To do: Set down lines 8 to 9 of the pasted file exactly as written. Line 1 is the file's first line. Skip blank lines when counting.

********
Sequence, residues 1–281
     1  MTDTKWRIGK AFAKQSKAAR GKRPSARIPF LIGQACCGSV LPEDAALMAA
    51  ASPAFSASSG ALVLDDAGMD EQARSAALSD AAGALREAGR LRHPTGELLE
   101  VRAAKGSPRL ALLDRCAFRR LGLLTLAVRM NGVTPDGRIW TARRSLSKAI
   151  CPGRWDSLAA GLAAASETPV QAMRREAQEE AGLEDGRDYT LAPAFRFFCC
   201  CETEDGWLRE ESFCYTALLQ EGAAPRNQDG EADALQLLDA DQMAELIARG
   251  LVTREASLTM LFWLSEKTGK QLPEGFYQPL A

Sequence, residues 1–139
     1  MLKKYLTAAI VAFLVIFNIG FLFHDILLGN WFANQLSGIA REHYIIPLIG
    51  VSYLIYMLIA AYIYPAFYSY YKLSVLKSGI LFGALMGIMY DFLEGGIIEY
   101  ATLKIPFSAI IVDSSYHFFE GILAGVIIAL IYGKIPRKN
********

Sequence, residues 1–139
     1  MLKKYLTAAI VAFLVIFNIG FLFHDILLGN WFANQLSGIA REHYIIPLIG